The remnants of daylight had faded by now. Neither of them was fully rested, so they brought their gear closer to the fire and Gil once more used the cloth to wrap himself up in a kind of cocoon. With the warmth of the fire at his back and the dancing light flickering on the trees in front of him, it should have been easy to get back to sleep. But he kept wondering where he would be if he had not stumbled through the doorway in the woods.

Would he have been able to escape the wolf pack that had been chasing him? Even if he had, how would he have handled waking up naked in the forest again? And this time with no home to return to and no chance of finding the clothes he had left behind. In the two weeks that had passed since then, there was a good chance he would have fallen victim to starvation or frostbite.

Even now he was almost entirely dependent on Alfvin. Gil would have been unable to make the fire on his own, with no tools. But he had been given an opportunity, and he needed to make the most of it.

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Wolves at the Door (part 27)

Between the two of them, they managed to follow the trail with a minimum of backtracking. In places, they had to cross open areas too large to go around. On these occasions, Gil led the way, as Alfvin followed with one hand on his shoulder. He was already practically blind in the sunlight, and the sun was still some way from its zenith.

The night before, Alfvin had set a pace that even Gil’s distance-hardened legs had struggled to keep up with, while simultaneously delivering a lecture in his characteristically florid style. Today, he lagged behind, and answered Gil’s occasional questions tersely. Gil could not help thinking that it was more than tiredness, or the weight he carried, or the need to look out for the trail ahead. Being so vulnerable, having to rely on Gil’s eyes instead of his own seemed to have sapped Alfvin’s usually plentiful enthusiasm.

It was slow going, and by the time they found the two marked trees at the end of the trail it was well past midday. Gil felt exhausted, and Alfvin seemed almost asleep on his feet. But he was still awake enough to insist that they find a camp site some way removed from the invisible doorway. Near enough to reach it in an emergency, but not so near that the signs they left behind would attract attention to it.

Gil offered – though not entirely convincingly – to keep watch for wild animals through the afternoon, but Alfvin said there would be no need.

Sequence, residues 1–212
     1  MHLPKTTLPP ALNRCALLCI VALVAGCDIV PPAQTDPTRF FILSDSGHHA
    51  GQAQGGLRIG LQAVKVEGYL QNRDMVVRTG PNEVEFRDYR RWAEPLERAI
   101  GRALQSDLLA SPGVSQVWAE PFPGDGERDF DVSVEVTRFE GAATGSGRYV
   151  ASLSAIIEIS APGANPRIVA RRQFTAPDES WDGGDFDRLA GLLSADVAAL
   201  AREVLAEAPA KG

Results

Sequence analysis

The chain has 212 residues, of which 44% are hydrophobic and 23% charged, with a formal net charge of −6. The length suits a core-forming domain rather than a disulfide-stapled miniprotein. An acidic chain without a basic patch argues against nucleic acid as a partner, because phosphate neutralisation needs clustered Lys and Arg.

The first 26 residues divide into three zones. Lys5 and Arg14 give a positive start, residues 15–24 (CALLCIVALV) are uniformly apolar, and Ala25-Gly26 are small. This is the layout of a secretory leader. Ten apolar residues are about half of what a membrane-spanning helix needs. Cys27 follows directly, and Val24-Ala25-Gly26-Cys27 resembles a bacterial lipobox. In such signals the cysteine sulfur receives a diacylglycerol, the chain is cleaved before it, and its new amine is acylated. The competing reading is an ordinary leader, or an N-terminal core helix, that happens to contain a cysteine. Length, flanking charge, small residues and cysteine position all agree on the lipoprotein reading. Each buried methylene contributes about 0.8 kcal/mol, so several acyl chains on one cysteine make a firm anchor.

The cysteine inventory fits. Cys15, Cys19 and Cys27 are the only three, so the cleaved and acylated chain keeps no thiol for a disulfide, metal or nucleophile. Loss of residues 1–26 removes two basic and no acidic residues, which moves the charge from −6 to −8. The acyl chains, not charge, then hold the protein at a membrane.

“Judging by the weather, I should think that bears have already retired for the winter, and it will be some hours before the wolves are abroad. Best to get some sleep while we can, and be rested if we need to keep watch this evening.”

Gil did not insist. He was looking forward to his first decent night’s sleep in three days.

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Wolves at the Door (part 26)

The sun had not yet emerged above the trees, but there was plenty of light to see by, and the people of the village were beginning to go about their business. Alfvin was not keen to wait around any longer than he had to, so Gil was left once more to kill some time alone. At least he didn’t feel quite as cold now, though the growing light may have been less responsible for that than the meal he had just eaten.

Wishing he could have gone into the cleared area of the town to feel the pale morning light on his face, Gil had to content himself with walking a ways back along the road that had brought them here. Fortunately none of the locals seemed inclined to early-morning travel. Perhaps they were too distracted by the pale stranger come to town bartering magical goods.

Gil had been back and forth over the same stretch of road a half-dozen times before Afvin returned, arms laden with goods. True to his word, he carried a couple of bolts of coarse cloth, along with several more bags. After handing some over for Gil to carry, he was eager to get under way.

Their pace as they travelled north was more leisurely than it had been coming the other way, and before long the sun began peering over the forest to the east. Gil was enjoying the feel of its feeble warmth on his face, but Alfvin was not so eager. As the sun inched higher, he edged to the right, until he had to walk off the road completely to stay in the shade of the trees.

Gil was curious.

“Is it that bad? I know you said your eyes were sensitive, but it’s not even that bright.”

“It is not yet debilitating, but already it is enough to cause discomfort. I had hoped we would be off the road earlier than this.”

“It can’t be much farther. But personally, I like it. It feels like ages since I felt the sun.”

Before long, they spotted the scarred tree marking the point where they had emerged from the forest the previous night. Alfvin was much more comfortable once they were back under the cover of the trees, though as the sun rose higher he still winced at the occasional shaft of light breaking through.

“Keep your eyes open for the next marked tree. I fear I may miss it, distracted as I am.”

“How do you usually manage during the day? Or do you just have to hunker down and wait until evening?”

“I can get about well enough in the forest, but not as well as I would by night. Still, I would ordinarily make camp by mid-morning. But with your help, we can return to the portal and make camp there. I always feel more secure with an escape route close at hand.”

“If we get back there, do we need to camp? I thought we’d go straight through.”

“Not yet. You have clothes to make, and I have things to do also. On the other side, time is a precious commodity. Given the choice, I prefer to perform time-consuming tasks here, where there is more to consume. If it were not for the cold, I would always sleep on this side. The cold … and the discomfort … and the danger, of course.”